Multi-American

How immigrants are redefining 'American' in Southern California

Growing up as a Korean-born African American

KoreAm magazine beat me this week to an interview I'd been looking forward to, and they did a great job with it. The magazine featured a profile of Emile Mack, one of the top-ranking firefighters in the Los Angeles Fire Department. What is unusual about Mack's story, which I learned of recently, is that he is a Korean-born adoptee raised by African American parents.

When Mack was a toddler in a South Korean orphanage, Undine and Clarence Mack were shown his photo at their church and decided to adopt him. Mack grew up identifying with the culture of his parents and peers the Crenshaw district, defying outsiders' expectations and stereotypes. From the story:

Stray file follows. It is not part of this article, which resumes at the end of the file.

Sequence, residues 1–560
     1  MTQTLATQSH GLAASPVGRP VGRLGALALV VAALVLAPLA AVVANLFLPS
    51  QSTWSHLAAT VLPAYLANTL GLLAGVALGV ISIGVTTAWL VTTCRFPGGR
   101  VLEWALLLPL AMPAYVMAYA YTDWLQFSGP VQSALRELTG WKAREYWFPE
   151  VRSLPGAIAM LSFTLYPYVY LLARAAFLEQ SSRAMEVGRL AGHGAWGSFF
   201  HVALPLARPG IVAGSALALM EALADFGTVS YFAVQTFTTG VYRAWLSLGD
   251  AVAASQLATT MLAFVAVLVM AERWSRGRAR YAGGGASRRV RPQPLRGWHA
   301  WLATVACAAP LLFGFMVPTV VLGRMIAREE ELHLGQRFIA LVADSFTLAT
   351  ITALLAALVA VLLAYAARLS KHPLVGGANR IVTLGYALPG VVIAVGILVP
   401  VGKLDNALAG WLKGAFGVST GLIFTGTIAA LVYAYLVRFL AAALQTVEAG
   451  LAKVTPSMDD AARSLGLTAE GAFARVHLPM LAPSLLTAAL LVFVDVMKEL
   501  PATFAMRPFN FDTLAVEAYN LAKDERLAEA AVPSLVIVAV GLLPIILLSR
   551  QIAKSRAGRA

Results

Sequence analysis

“There were people who didn’t know me or my family, and they didn’t tease me because I had black parents, but they teased me because I looked Asian. So it was the typical thing, ‘Hey Chinese, hey this, hey that.’ And then my friends would respond, ‘He’s black!! His parents are black, leave him alone!!’” said Mack, his face lighting up at the memory.

“In fact, that still happens today. There are times when I walk into a room with black friends, and they’ll walk up to someone I don’t know, and say, ‘Hey man, he’s cool. He’s a brother.’ And they’ll immediately accept me just because my friend says, ‘Oh, he’s one of us.’”


I loved all the elements of Mack's story when I learned about him several days ago: Parents who adopted across a color line not often crossed in interracial adoptions, a son who embraced all that he was, and now, a young family that has led him back to his birth roots.

Like his parents, Mack and his wife adopted a baby last year, a little girl from South Korea.

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